- Vattenfall has a hybrid solar, wind and energy storage power plant in the Netherlands as its 1st such facility
- It comprises 38 MW solar, 22 MW wind and 12 battery containers, all using the same grid connection
- Considering the advantages of saving time and costs, Vattenfall now wants to assess making hybrid parks from the very beginning for a project site
- With immense solar potential, Germany and the Netherlands are high on its list for such facilities
Sweden’s state-owned energy company Vattenfall AB has energized its 1st hybrid power plant combining wind, solar and battery energy storage system (BESS), and says it will serve as a blueprint for future projects.
Energy Park Haringvliet in Haringvliet, The Netherlands is made up of 6 wind turbines representing 22 MW in total, 115,000 solar panels with a combined 38 MW capacity and 12 sea containers for batteries, and all of these are use the same grid connection. Once fully ramped up, the project will generate around 140 GWh annually.
Vattenfall calls it the energy park of the future which was originally meant to be only a wind energy facility, but solar and batteries were added as an afterthought to ensure grid stability and round-the-clock (RTC) power supply.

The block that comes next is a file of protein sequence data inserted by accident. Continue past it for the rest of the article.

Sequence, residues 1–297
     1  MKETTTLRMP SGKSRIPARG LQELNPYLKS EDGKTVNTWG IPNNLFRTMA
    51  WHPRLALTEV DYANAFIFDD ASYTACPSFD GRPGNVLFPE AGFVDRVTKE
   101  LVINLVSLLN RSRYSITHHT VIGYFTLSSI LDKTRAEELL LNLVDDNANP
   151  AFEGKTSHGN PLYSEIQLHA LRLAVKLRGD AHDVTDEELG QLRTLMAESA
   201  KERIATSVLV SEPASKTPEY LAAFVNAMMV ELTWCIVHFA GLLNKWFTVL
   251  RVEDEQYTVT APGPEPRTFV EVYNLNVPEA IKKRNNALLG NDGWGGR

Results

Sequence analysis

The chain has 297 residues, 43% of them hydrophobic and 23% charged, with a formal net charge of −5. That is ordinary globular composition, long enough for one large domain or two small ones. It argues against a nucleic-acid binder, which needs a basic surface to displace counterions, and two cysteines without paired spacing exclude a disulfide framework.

Sharing some significant learnings from the project, Vattenfall said building an energy park with all 3 technologies is cheaper since they share the same substation, cables, maintenance roads, grid connection, and the ground needs to be dug up only once during the process, hence it is cheaper economically and time wise, instead of setting up 3 separate projects. An additional advantage is that the scarce technical staff is only deployed once for a grid connection, which means that the energy transition can be accelerated, it added.
In the future, the Swedish utility plans to expand work on integrated energy parks and investigate its options from the very beginning. Germany and the Netherlands are high on priority having ‘large-scale sun’ potential. “But that is not so easy for integrated projects, for example with our eastern neighbors, because the federal states have designated specific areas for wind energy there and you cannot just add sun there. Then we really have to lobby to install solar panels,” explained Vattenfall’s Head of Solar Development Margit Deimel.